On Jan. 8, I boarded a plane headed for Orlando and the “happiest place on Earth” a.k.a. Disney World and told myself I would do the best I could and let the chips fall where they may. By Jan. 9, however, the day before the race, panic was setting in and that voice inside my head - you know the one that tells you you’re crazy and have no idea what you’re doing or why you’re doing it - started talking to me and it took everything I had not to find a million reasons to not compete. I finally closed my eyes to sleep at 9 p.m. and woke up at 2:15 a.m. to board the bus to Epcot at 3 a.m.
It was a brisk 39 degrees when I arrived and the staging area for the race was outside. With the starting time not until 5:30 a.m., let’s just say I was a little numb. Actually, because I was in the last starting group, I didn’t begin the race until 6:30 a.m. but I didn’t know that at the time. Huddled with those around me, we talked about why we were running, if we had raced before and basically got to know each other.
Finally, it was time to get to the starting line and when the fireworks went off, there definitely was no turning back. It didn’t take long to warm up and for the first 3 miles, I was 30 seconds ahead of pace. A bathroom break and lack of training caused me to fall behind and, unfortunately, there was no catching up. I was “picked up” at mile 5 but I can say it took five Florida State Troopers to make sure I got on the bus. OK, maybe not, but they were there beside the bus ensuring we didn’t get run over by oncoming traffic as we loaded. We were then ushered back to the finish where we did get a finisher’s medal, despite not actually crossing the finish line.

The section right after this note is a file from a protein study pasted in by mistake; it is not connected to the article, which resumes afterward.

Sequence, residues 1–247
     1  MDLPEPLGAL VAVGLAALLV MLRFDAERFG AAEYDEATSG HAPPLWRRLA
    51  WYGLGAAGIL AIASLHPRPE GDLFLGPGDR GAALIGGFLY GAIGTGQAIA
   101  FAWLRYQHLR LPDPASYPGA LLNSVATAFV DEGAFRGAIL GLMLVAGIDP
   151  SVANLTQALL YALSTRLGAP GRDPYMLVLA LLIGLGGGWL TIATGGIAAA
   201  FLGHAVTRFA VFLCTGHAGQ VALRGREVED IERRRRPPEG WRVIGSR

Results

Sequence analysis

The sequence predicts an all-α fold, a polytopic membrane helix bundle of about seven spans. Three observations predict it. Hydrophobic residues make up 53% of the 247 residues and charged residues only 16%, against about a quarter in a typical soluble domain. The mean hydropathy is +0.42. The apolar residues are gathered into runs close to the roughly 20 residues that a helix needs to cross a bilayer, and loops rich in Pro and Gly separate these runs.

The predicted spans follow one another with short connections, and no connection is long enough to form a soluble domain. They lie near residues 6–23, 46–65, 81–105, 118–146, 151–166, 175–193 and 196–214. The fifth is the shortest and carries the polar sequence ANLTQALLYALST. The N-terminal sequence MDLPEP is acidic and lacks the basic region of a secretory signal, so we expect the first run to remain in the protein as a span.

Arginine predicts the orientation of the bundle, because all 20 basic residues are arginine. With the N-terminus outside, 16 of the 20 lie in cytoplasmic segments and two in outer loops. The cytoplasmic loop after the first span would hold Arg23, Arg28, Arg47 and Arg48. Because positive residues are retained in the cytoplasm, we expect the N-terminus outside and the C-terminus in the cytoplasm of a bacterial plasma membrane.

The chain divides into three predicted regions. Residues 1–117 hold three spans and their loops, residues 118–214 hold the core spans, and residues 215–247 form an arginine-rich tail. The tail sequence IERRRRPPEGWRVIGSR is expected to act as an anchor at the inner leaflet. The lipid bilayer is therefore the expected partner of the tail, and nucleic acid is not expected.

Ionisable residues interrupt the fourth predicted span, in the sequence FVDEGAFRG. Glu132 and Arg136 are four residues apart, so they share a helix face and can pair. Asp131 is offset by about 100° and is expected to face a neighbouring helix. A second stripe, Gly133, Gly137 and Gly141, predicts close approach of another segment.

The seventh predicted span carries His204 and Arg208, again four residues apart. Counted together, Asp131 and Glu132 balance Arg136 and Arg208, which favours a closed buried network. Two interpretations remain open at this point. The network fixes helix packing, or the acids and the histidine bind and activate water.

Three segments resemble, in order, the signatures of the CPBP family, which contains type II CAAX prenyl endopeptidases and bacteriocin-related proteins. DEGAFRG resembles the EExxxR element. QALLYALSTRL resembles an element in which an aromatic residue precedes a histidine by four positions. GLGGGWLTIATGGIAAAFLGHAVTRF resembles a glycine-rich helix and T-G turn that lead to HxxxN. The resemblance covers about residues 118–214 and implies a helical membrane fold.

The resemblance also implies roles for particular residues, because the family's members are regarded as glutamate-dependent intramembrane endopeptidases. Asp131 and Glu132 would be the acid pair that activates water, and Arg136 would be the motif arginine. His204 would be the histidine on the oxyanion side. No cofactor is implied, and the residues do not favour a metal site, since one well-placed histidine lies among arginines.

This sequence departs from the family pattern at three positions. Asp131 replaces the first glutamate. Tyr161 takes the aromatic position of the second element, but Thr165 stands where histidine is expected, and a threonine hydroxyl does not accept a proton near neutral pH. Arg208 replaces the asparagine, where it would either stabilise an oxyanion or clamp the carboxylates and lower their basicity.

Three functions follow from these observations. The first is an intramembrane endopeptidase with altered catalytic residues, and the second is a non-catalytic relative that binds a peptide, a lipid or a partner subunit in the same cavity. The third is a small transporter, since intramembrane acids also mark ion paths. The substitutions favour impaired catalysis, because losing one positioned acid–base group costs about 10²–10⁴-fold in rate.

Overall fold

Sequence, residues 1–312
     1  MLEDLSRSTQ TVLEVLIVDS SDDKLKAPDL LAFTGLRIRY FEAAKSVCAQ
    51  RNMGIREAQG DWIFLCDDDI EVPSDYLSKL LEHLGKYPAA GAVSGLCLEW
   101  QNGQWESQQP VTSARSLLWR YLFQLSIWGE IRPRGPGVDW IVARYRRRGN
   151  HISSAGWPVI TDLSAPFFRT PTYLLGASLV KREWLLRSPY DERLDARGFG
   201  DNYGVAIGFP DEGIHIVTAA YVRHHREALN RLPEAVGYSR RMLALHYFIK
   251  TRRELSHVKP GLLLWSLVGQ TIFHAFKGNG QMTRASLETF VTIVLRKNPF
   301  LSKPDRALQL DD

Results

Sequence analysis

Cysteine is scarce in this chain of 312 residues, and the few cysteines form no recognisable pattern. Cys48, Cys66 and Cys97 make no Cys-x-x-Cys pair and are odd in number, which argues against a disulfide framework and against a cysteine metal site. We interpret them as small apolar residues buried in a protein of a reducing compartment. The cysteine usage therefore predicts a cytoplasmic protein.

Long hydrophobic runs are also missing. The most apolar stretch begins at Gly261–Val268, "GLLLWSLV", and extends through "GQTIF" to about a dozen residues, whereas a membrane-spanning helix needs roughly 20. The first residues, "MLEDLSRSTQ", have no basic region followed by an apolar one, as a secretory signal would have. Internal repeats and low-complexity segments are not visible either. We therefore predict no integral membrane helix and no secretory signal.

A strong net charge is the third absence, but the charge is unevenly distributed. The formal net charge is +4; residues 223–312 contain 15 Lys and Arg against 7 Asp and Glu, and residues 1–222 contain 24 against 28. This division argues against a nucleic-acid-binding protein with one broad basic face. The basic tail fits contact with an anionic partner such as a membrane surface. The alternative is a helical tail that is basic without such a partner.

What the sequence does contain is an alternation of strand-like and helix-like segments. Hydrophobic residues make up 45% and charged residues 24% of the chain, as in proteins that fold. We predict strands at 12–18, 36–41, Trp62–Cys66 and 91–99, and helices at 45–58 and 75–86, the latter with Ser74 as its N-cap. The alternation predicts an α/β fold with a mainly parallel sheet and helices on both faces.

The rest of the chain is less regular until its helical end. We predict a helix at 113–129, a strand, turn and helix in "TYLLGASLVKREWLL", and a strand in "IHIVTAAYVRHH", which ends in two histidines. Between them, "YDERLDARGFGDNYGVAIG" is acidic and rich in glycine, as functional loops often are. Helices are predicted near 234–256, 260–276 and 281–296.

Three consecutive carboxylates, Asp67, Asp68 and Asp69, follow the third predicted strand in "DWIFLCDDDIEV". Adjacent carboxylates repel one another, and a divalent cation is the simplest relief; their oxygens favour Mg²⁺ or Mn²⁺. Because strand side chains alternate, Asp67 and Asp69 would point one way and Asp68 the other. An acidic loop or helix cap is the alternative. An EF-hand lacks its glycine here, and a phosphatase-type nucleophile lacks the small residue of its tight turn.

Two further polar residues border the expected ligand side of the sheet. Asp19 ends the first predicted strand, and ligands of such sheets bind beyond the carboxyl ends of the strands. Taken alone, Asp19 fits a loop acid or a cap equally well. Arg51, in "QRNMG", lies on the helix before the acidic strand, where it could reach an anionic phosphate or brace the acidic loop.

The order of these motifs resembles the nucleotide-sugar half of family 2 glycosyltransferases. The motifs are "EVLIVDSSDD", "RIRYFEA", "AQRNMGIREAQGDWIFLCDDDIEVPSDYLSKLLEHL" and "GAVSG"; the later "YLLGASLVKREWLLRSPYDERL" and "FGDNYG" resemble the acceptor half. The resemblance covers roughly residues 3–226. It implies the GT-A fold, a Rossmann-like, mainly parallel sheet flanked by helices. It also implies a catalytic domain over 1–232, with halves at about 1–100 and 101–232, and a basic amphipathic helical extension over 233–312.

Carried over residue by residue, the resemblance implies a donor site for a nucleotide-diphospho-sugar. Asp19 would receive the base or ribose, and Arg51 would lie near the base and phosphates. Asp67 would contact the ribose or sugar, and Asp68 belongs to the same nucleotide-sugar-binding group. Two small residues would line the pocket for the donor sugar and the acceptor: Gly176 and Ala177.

In the moment, I admit I was disappointed that I didn’t get to cross the finish line and I was sad that I didn’t accomplish my goal. But as I look back, I am proud of myself. I am proud that I didn’t quit, even when I knew I was behind. I am thankful for all the volunteers and well-wishers who cheered me on when they didn’t know my story or who I was. I am more than grateful for my family who not only supported me but who made all the hotel arrangements and even held up a homemade sign for me when I arrived at the finish.
To all of my countless supporters on Facebook and in the community, I say a heartfelt thank you. I read each and every text, Facebook comment and checked who each and every ‘Like’ on my half marathon posts were and my eyes filled with tears knowing I had all of you with me. Believe me, I thought of you when I knew they weren’t going to let me finish and I considered telling the race officials to call me a ride before they made me stop. But then I remembered those words of encouragement and I told myself there was no way I was going to post that I had given up and go back home a quitter when all of you were rooting for me.
So, Henry Ford, while I thought I could, I didn‘t accomplish exactly what I’d hoped but I now know I can. Thanks, though, for helping me convince myself I was right.